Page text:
Sacrament of Reconciliation:
Confession is one of the least understood of the sacraments of the Catholic Church. In reconciling us to God, it is a great source of grace, and Catholics are encouraged to take advantage of it often.
What is Confession?
What is its purpose and its effects?
What are its requirements?
Can we confess our sins directly to God, or must we go through a priest?
Confession Is a Sacrament:
The Sacrament of Penance, commonly called Confession, is one of the seven sacraments recognized by the Catholic Church. Catholics believe that all of the sacraments were instituted by Jesus Christ himself. In the case of Confession, that institution occurred on Easter Sunday, when Christ first appeared to the apostles after his Resurrection. Breathing on them, he said: “Receive the Holy Spirit. For those whose sins you forgive, they are forgiven; for those whose sins you retain, they are retained” (John 20:22-23).
The Marks of the Sacrament:
Catholics also believe that the sacraments are an outward sign of an inward grace. In this case, the outward sign is the absolution, or forgiveness of sins, that the priest grants to the penitent (the person confessing his sins); the inward grace is the reconciliation of the penitent to God (which is why the sacrament is also sometimes called the Sacrament of Reconciliation).
The Purpose of Confession:
That reconciling of man to God is the purpose of Confession. When we sin, we deprive ourselves of God’s grace. And by doing so, we make it even easier to sin some more. The only way out of this downward cycle is to acknowledge our sins, to repent of them, and to ask God’s forgiveness. Then, in the Sacrament of Confession, grace can be restored to our souls, and we can once again resist sin.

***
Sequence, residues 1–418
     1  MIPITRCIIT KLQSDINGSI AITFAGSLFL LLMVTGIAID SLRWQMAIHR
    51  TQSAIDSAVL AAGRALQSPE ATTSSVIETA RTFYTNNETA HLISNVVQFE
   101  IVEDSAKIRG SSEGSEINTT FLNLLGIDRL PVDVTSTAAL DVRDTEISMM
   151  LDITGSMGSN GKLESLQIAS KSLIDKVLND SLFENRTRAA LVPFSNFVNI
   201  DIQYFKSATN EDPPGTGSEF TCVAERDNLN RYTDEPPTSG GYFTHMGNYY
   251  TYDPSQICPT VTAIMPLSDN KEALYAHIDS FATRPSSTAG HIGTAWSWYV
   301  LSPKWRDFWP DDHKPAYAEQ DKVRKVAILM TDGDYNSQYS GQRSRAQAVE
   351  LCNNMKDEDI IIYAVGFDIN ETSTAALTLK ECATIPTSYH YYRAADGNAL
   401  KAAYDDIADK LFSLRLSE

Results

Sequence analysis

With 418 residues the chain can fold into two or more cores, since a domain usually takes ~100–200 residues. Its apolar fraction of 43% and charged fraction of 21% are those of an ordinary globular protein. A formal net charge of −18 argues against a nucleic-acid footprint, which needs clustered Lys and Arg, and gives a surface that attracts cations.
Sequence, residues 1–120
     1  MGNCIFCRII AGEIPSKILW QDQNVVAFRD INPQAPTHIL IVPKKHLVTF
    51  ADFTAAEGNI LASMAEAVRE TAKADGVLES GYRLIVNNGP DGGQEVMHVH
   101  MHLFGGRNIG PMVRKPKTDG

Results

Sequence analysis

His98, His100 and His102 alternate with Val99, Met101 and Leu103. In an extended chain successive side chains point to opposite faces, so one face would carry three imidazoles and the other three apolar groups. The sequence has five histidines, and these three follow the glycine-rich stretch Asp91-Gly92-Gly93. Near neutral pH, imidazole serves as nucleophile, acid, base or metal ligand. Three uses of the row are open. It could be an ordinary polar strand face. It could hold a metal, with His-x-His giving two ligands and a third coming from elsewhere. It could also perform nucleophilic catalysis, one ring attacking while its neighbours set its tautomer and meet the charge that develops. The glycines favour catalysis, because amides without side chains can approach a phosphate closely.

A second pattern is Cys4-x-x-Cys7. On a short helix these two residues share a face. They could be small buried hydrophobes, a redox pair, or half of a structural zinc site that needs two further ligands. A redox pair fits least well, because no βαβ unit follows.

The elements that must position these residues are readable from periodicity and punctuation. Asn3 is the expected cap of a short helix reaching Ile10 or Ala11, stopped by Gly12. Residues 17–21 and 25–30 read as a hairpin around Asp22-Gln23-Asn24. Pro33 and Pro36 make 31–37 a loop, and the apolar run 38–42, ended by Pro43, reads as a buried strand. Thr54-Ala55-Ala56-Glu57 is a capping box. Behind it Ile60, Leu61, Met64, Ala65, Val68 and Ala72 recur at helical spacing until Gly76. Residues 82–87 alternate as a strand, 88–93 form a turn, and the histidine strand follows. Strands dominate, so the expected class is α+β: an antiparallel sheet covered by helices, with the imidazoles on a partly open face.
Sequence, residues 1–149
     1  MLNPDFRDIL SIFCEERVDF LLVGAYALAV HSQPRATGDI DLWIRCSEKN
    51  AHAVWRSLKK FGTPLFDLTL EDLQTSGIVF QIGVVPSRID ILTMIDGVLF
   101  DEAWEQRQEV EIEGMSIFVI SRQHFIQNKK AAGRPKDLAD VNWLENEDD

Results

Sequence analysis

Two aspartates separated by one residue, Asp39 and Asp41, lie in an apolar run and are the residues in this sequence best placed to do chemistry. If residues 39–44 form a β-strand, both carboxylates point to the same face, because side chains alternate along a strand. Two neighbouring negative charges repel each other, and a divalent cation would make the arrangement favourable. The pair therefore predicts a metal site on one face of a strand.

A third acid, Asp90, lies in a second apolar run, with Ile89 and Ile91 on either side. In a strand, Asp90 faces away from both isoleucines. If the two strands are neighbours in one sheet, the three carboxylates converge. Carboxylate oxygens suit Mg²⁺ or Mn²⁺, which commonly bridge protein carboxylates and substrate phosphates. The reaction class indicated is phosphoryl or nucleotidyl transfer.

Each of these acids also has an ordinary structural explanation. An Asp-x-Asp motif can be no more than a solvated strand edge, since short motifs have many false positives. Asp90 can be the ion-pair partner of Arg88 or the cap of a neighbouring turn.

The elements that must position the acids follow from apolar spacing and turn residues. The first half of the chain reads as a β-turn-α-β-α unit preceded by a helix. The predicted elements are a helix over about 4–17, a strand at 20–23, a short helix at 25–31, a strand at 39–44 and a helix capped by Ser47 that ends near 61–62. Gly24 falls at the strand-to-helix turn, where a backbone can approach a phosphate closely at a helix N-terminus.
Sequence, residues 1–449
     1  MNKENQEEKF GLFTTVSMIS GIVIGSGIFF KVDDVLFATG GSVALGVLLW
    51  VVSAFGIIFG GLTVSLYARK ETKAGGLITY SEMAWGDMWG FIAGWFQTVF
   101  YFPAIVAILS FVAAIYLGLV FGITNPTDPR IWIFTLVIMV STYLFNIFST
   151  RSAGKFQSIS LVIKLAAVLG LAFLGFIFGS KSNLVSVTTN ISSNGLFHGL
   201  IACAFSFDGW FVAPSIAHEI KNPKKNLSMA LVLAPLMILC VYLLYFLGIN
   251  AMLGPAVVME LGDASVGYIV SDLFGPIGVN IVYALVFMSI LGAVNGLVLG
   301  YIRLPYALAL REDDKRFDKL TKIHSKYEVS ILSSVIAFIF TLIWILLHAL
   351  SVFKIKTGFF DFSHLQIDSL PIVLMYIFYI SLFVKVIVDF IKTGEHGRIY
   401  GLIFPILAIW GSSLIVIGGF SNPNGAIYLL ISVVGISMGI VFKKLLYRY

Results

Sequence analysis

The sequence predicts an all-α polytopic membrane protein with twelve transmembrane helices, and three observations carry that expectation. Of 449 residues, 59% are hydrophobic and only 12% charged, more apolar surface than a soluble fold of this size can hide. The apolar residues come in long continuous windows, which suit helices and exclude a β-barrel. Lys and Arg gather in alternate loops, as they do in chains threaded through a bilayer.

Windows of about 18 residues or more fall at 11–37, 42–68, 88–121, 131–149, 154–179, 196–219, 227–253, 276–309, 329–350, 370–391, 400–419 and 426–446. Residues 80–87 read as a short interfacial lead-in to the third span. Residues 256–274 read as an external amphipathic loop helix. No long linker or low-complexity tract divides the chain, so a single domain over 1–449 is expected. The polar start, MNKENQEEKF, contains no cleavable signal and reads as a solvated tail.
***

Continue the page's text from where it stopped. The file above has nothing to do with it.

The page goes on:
Why Is Confession Necessary?
Non-Catholics, and even many Catholics, often ask whether they can confess their sins directly to God, and whether God can forgive them without going through a priest. On the most basic level, of course, the answer is yes, and Catholics should make frequent acts of contrition, which are prayers, in which we tell God, that we are sorry for our sins and ask for God’s forgiveness.
But the question misses the point of the Sacrament of Confession. The sacrament, by its very nature, confers graces that help us to live a Christian life, which is why the Church requires us to receive it at least once per year. Moreover, it was instituted by Christ as the proper form for the forgiveness of our sins. Therefore, we should not only be willing to receive the sacrament, but should embrace it as a gift from a loving God.
Preparing to Receive:
Children preparing for First Communion receive the sacrament prior to their First Communion. Children attend classes as part of their children's education that prepares them specifically to receive this sacrament.
Adults attend the RCIA (Rite of Christian Initiation of Adults) program to learn about the sacrament.
Opportunities to celebrate the Sacrament of Penance and Reconciliation include:
Anytime by appointment or Sundays: 7:15 a.m. – 7:30 a.m.
Communal Penance services are held two times a year with several priests, which involves a communal preparation, examination of conscience and act of contrition followed by individual confession, absolution and penance.